Picture it: you’re driving down a rural highway on a clear afternoon near sunset. In the distance, you notice barreling light grey smoke. Next, the clarity of your surroundings becomes increasingly hazy. You smell the smoke before you get into the thick of it. Before you know it, you’ve stumbled upon a blazing pasture or thicket of woodlands of massive proportions.
In this situation, if you don’t know any better, you might think it’s a fire that warrants a call to 911. Chances are greater than not that these public safety officials already know and there’s no need to worry.
Controlled burns like these are an important tool for maintaining the safety and overall health of a particular piece of land. Sometimes called prescribed burns as well, these fires are planned for a time when the blaze won’t pose a threat to the public or fire managers. In areas like Emanuel County, weather conditions are just right in the fall, hence why you see more of them this time of year. (Burns are explicitly banned in 54 counties in the Peach State every year between May 1 and September 30 because conditions would be hazardous and would cause ground-level formation of ozone. However, most of these counties are in the metropolitan or suburban area of Georgia and excludes Emanuel.) The ideal situation for a controlled fire is to allow the burning but not enable the fire to spread out of control. Materials burned in a planned fire include dead grass, fallen tree branches, dead trees, and thick undergrowth.
Before a controlled burn is lit, a plan—or prescription—is drawn up. This plan includes details on how big the fire will be, what it will burn, and what managers hope to accomplish with the fire. It also includes the weather and environmental conditions under which the fire will burn and any situations that might require the fire to be extinguished. Controlled-burn managers also map out how the fire will be set, how the smoke will be managed, how to inform the public, what protective equipment might be needed, and what firefighting resources should be standing by.
Two types of controlled burning are most commonly used. The first, broadcast burning, involves lighting fires across a tract of land, from a few acres to thousands of acres in size. The second, pile burning, involves stacks of vegetation that are burned individually. Pile burning can be used when conditions are not safe to set a larger fire. In this case, leaves, limbs, and other debris are cut, collected, and stacked up to be burned, often at a later time when weather conditions permit. Pile burning is sometimes used to burn slash, the remnants of forest thinning or logging operations.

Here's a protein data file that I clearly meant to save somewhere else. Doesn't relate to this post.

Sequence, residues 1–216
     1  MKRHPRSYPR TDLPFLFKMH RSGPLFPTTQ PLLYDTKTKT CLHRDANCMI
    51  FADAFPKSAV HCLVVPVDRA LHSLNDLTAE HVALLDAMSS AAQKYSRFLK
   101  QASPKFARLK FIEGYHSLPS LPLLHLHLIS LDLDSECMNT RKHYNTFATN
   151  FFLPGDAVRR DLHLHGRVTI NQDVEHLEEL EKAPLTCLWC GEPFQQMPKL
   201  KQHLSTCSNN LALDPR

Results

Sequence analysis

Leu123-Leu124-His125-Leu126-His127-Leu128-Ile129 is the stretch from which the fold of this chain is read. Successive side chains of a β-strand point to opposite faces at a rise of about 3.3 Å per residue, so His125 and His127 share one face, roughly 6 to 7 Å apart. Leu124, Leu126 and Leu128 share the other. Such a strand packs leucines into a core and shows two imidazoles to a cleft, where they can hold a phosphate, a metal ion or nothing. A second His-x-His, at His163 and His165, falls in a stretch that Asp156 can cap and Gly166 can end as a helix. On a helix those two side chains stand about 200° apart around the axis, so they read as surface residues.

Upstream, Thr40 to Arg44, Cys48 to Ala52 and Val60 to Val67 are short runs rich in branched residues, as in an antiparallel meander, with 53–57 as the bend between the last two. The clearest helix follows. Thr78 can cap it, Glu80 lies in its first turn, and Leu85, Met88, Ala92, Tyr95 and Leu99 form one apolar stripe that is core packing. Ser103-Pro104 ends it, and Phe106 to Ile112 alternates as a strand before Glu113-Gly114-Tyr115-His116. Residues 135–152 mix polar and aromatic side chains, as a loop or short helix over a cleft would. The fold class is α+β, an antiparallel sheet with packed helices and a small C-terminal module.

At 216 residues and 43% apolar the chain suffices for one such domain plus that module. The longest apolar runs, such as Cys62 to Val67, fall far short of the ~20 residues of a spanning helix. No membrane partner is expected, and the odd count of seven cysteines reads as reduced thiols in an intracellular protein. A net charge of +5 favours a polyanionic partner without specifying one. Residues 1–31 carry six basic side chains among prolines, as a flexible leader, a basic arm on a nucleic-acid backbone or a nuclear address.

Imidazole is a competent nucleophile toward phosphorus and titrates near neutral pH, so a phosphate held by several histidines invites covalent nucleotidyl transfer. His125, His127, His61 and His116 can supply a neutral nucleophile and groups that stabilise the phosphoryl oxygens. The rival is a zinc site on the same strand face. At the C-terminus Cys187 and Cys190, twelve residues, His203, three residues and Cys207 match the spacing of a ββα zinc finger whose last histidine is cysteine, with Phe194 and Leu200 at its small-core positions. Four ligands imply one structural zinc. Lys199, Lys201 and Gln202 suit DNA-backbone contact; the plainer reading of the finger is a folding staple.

Controlled burns are lit for a number of reasons. By ridding a forest of dead leaves, tree limbs, and other debris, a prescribed burn can help prevent a destructive wildfire. Controlled burns can also reduce insect populations and destroy invasive plants. In addition, fire can be rejuvenating. It returns nutrients to the soil in the ashes of vegetation that could otherwise take years to decompose. And after a fire, the additional sunlight and open space in a forest can help young trees and other plants start to grow.
Some plants, such as certain pine species, require fire before the cones or fruits containing the seeds can release them. These cones or fruits need fire to melt a resin that holds the seeds inside. As a result, without fire these species cannot reproduce.
Controlled burns have become more important as fire suppression efforts have grown over the last century. Historically, smaller fires occurred in forests at regular intervals. When these fires are suppressed, flammable materials accumulate, insect infestations increase, forests become more crowded with trees and underbrush, and invasive plant species move in. Controlled burns seek to accomplish the benefits that regular fires historically provided to an environment while also preventing the fires from burning out of control and threatening life and property.
As a general statement, this practice is a safe way to apply a natural process, ensure ecosystem health, and reduce the risk of wildfires. The Georgia Forestry Commission must issue a permit for a burn to be legal, and the process is a thorough one. The applicant must outline the boundaries, list adjacent landowners, specify the topography and control lines, and show the anticipated direction of smoke as well as smoke-sensitive areas nearby.
On the whole, Georgians prescribe burn 1.4 million acres per year. To obtain a burn permit, visit GaTrees.org, call 877-OK2-BURN, or call the Emanuel County Forestry Unit at 478-289-2564.